Active learning describes “types of instruction and pedagogy that calls for students to participate more fully with the course content” using evidence-based strategies into the delivery of the curriculum (SALTISE). Active learning approaches require students to engage with the course content and become participants in their learning process.
Below are eleven learning techniques that promote active learning:
|Learning Jigsaws are used to help students become actively engaged in their learning. Student's learn a piece of content and then teach it to their fellow students. This activity takes about an hour of class time. Learning jigsaws work best when the content can be chunked into smaller pieces.
How to implement a Learning Jigsaw
Numbered Heads Together
Take a Stand
Meet Your Match
|The Muddiest Point learning technique is a simple yet effective technique you can use. This technique provides a high information return for a very low investment of time and energy.
How to implement the Muddiest Point techniqueThe technique consists of asking students to jot down a quick response to one question: "What was the muddiest point in ______?" The focus of the Muddiest Point assessment might be a lecture, a discussion, a homework assignment, a play, or a film.
Student Generated Test Questions
|Student Generated Test Questions allow teachers to see what their students consider important or memorable, what they consider to be fair and useful test questions, and how well they can answer the questions other students have posed.
Learner's responding to these questions helps them to assess how well they know the material. This can help focus their studying.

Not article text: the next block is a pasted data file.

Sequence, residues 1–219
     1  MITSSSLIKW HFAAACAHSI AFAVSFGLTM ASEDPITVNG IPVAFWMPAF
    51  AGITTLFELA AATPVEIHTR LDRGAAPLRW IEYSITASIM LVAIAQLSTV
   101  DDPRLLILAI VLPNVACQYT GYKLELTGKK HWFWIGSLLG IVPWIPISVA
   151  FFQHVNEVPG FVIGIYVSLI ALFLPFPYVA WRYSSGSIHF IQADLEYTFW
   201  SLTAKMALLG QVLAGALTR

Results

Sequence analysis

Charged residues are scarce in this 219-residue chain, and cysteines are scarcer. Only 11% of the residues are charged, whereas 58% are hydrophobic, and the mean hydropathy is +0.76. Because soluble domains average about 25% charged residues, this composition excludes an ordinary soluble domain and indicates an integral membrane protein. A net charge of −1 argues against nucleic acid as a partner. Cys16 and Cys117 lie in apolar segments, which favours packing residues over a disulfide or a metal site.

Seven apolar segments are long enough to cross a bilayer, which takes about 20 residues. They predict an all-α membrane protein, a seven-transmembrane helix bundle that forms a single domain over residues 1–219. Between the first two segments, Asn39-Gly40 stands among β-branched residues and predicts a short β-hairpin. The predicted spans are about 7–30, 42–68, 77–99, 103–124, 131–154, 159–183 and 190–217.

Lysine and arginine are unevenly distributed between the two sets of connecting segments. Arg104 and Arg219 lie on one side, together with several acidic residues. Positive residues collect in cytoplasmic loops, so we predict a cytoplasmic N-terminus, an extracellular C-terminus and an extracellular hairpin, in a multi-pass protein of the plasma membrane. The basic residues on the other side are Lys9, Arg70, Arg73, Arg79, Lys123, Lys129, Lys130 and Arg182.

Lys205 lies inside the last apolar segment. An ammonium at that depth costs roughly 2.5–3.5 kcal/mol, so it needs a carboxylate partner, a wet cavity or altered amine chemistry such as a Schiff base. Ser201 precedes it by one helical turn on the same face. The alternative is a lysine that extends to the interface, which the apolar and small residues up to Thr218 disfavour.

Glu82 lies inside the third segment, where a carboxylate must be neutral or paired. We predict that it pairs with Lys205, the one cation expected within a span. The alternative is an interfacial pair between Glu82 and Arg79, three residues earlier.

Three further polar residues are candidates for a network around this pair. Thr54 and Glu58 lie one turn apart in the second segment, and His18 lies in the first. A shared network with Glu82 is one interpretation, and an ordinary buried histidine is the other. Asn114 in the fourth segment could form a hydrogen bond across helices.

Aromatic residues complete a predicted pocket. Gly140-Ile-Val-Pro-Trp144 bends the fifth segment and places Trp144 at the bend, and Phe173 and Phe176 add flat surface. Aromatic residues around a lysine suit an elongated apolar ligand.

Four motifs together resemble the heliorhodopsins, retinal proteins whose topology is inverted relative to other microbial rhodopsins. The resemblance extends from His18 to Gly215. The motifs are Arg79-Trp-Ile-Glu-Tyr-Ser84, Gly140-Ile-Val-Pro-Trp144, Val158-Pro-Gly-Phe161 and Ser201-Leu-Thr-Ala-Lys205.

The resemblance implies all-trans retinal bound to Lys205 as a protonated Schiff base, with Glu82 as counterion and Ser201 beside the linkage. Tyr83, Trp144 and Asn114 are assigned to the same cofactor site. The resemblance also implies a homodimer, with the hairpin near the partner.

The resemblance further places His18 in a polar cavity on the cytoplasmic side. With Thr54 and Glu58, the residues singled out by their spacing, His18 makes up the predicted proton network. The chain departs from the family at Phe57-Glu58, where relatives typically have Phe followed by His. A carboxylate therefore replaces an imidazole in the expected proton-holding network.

TimingThis particular technique should be used at the end of any of the following:
FeedbackIt is extremely important to give students feedback on how their questions compare to the actual test questions.
One Sentence Summary
|The One Sentence Summary technique involves having students answer the questions "Who does what to whom, when, where, how and why?" (WDWWWWHW) about a given topic. The students must do this in one informative and grammatical sentence (usually a long one). This technique will help faculty find out how well students can concisely and appropriately summarize information on a selected topic.
How to implement a One Sentence Summary
|Concept Maps are drawings or diagrams showing the mental connections that students make between a major concept stressed in class and other concepts they have learned. This technique provides an observable and assessable record of the students' conceptual schemata (the patterns of associations they make in relation to a given focal concept). Concept maps allow you to discover the web of relationships that your students bring to the task at hand-their starting points-and compare their understanding of relevant conceptual relations to your own. By literally drawing the connections they make among concepts, students gain more control over their connection making.
How to implement Concept Maps